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Dance
2/06
 
A Healthy Dose of Tragic Ballet
Ballet West Unveils its New Ballet of 'Romeo and Juliet'
 by Karen Anne Webb
   
Dance Preview:
'Romeo and Juliet'
 
   
Ballet West
Capitol Theatre
(50 W. 200 South)
Feb. 10 to 18, 7:30 p.m. with 2 p.m. matinees on Feb. 11 and 18
 
       
   
Tickets cost $17 to $65
via ArtTix or
355-ARTS or 1-888-451-ARTS.
 
       
       

In choreographing a new version of Shakespeare's "Romeo and Juliet," Jonas Kåge and his dancers wanted to go deep into the story and its characters. “We haven’t exactly produced a romantic ballet for Valentine’s Day here," Kåge says. "We didn’t want to do the `suite’ or `Cliff’s Notes’ version of the story. We kept the meat of the story line. Really, in the end, the love in the story is more complex than the conflict between the Montagues and the Capulets.”

Ballet West unveils artistic director Kåge's world premiere based on the famous tragedy on Feb. 10 at the Capitol Theatre.

Balletic adaptations of "Romeo and Juliet" date back to 1785. However, since the Prokofiev score was first used in a production of the ballet in 1938, most contemporary productions have used his music.

“It’s a beautiful score,” enthuses Kåge, “but it’s very definitely a contemporary score. What’s fun about working with it is that its style opens up the possibility of using such a variety of dance styles: it suggests a larger palette of motions from which to draw than a ballet score written before the last century.

“So, while this production is very much based on a ballet vocabulary, you have, for instance, the earthy, contemporary rhythms of the street scenes and the emotionality of the scene in which Lady Capulet mourns for her nephew Tybalt.”

Kåge says the company management has been looking at reviving "Romeo and Juliet" for a number of years, but wanted to try a different version from the one choreographed by Michael Smuin that has been seen here in previous years.

“Most, though,” Kåge points out, “were simply too big for this company, and, of course, cost was a factor. Company management had been encouraging me to try my own for some time. They’d tell me I could do it because I’d done my own productions of Giselle and Swan Lake.

“But, of course, choreographing a ballet from scratch is a whole different prospect that re-setting a classic! There’s no real `classic’ version of Romeo and Juliet; it’s just too modern. But I’d started my career with this ballet and had danced in a number of productions, so when the idea came up again, I decided to try. I’m excited, but scared!”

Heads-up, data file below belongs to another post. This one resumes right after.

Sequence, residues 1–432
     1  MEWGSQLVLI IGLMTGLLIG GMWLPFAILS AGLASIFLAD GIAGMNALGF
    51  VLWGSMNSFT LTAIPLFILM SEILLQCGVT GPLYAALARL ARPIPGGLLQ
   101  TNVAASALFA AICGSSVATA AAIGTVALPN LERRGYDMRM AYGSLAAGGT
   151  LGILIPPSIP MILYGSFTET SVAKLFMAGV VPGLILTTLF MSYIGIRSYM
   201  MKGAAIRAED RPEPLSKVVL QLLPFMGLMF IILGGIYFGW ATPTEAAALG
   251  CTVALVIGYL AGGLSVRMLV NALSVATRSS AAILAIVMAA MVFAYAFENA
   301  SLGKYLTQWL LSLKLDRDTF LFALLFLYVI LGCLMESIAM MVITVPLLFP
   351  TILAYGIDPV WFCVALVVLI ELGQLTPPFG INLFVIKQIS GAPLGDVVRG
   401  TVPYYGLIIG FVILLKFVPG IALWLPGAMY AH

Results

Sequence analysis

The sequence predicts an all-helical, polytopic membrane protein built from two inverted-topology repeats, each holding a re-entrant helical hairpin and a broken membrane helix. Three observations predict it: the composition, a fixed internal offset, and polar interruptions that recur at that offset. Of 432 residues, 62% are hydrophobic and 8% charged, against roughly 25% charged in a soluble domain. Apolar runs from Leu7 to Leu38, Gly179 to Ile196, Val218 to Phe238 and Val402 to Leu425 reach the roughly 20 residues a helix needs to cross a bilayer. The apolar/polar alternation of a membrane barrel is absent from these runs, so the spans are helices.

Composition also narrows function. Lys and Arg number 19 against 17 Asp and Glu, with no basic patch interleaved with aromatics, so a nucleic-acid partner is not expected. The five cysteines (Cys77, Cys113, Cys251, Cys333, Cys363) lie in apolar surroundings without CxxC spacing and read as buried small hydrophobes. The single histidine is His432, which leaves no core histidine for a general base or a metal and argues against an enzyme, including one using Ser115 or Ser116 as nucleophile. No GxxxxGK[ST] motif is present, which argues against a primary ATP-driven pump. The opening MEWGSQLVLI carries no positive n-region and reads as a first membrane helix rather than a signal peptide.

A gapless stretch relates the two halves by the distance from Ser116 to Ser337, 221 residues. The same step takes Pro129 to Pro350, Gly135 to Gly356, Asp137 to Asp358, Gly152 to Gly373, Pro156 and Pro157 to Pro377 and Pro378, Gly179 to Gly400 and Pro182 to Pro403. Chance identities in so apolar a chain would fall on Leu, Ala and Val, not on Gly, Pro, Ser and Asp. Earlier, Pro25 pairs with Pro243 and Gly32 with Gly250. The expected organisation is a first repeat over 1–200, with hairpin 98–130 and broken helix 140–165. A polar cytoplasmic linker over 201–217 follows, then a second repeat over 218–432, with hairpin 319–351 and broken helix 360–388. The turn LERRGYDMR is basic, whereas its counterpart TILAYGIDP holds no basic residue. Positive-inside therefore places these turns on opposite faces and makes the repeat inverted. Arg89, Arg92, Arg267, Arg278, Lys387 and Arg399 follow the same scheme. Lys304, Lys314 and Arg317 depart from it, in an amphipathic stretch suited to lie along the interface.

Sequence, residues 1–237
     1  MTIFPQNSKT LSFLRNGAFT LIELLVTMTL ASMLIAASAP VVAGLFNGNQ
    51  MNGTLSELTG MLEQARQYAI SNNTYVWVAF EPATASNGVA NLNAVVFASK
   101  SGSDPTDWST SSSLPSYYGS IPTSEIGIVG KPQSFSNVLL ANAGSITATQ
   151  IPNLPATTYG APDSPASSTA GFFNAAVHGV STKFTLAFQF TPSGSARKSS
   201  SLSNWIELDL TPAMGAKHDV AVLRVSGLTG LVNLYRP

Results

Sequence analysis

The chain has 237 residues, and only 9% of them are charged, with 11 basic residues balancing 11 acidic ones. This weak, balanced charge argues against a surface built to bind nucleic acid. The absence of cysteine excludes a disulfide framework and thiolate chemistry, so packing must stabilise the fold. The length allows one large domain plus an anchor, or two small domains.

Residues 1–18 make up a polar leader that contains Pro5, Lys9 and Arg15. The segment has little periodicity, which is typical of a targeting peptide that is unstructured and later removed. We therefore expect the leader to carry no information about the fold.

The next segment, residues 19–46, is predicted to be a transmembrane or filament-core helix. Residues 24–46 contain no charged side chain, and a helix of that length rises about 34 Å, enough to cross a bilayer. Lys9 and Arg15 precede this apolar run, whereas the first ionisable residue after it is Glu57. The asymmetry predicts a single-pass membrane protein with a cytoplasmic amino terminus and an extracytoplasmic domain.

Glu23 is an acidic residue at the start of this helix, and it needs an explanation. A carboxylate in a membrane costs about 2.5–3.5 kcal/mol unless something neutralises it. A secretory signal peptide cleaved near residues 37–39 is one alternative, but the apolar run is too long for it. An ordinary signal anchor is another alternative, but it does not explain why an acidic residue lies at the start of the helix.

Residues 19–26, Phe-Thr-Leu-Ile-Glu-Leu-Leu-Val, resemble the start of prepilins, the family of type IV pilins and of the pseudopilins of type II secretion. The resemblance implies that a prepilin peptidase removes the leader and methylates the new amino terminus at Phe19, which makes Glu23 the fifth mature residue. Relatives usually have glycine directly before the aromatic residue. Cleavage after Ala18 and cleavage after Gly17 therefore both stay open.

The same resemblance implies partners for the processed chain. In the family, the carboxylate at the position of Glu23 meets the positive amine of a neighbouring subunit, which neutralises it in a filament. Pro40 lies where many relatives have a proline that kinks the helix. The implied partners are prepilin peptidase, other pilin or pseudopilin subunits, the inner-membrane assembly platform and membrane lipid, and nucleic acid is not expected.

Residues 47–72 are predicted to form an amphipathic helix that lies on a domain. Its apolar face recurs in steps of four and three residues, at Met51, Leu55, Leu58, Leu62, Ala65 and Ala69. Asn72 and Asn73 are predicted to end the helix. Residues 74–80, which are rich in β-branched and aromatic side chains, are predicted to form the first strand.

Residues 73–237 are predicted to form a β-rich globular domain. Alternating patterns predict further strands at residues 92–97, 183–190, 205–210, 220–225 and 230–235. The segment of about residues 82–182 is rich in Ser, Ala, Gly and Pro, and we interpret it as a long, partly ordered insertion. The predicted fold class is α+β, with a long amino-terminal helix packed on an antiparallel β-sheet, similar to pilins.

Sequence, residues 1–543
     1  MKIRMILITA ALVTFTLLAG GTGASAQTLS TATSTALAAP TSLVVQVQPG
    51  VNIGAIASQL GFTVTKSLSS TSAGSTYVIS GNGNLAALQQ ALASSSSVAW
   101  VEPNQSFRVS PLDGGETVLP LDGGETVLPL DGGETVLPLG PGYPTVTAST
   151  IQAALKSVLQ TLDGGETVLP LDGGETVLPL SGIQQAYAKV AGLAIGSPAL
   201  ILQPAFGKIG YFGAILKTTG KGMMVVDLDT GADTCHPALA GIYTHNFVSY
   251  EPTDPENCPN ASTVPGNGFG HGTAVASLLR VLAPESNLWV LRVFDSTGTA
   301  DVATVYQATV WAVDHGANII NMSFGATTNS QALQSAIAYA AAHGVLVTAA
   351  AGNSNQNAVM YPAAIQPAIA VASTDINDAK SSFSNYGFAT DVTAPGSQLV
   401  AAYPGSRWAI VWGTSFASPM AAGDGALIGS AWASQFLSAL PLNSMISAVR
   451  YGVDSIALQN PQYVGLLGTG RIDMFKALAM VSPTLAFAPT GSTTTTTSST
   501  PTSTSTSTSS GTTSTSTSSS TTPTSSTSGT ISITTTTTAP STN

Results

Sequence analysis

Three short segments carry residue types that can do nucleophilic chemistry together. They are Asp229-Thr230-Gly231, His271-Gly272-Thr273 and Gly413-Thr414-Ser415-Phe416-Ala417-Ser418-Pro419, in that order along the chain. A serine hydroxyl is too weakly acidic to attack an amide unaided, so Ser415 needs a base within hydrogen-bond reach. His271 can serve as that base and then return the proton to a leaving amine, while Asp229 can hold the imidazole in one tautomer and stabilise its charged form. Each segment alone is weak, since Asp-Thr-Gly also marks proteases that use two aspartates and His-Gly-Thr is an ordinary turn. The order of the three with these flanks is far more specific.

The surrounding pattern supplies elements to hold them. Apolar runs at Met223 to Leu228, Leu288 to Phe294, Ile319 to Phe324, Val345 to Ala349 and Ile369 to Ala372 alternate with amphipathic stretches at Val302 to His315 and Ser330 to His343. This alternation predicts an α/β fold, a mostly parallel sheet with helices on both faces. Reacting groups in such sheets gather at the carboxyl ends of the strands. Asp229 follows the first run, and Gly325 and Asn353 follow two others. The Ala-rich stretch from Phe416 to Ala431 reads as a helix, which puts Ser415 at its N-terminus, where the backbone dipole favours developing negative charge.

Two weeks before opening, at the time of this interview, the last steps of the choreography have just been added. Now, says Kåge, it’s a matter of gluing together all the pieces he and the company have been generating since last July.

What’s different about this production?

On the logistical side, each of the three acts will be prefaced with narrative from the play. Kåge is stretching his dancers by not only giving them fairly meaty choreography but having them learn swordplay appropriate to the Medieval period (including the Florentine sword-and-dagger style) and turning a number of men into sbandieratori, practitioners of the traditional Italian art of flag-waving (which is really more like juggling, only with humongous flags on poles).

On the artistic side, it’s dancier and more sensual than many productions, with a sense of character and emotion more finely integrated into the choreography.

“Romeo is the one role many men want to dance,” asserts principal Christopher Ruud, who grew up watching his father Tom Ruud dance the role for Smuin’s production in San Francisco. “It’s been my dream to dance it.

“This production is a long and difficult ballet, and it’s like being on an emotional roller-coaster to dance Romeo: he’s up, he’s down, he’s in love, he’s tense, he’s upset. Jonas has made Romeo more of an ever-present character than he is in the play.

“Jonas’s approach to choreography is interesting. He lets big, full moments in the music go by with the simplest movements so he lets the music speak for itself. His choreography has fewer tricks than Smuin’s. The movement is all very Jonas. I hesitate to say it’s jazz-esque because it’s based in ballet technique, but it’s very contemporary. Although the music is very programmed so it practically tells you what’s happening at any given moment, this is a completely new production, different from anything else that’s out there.”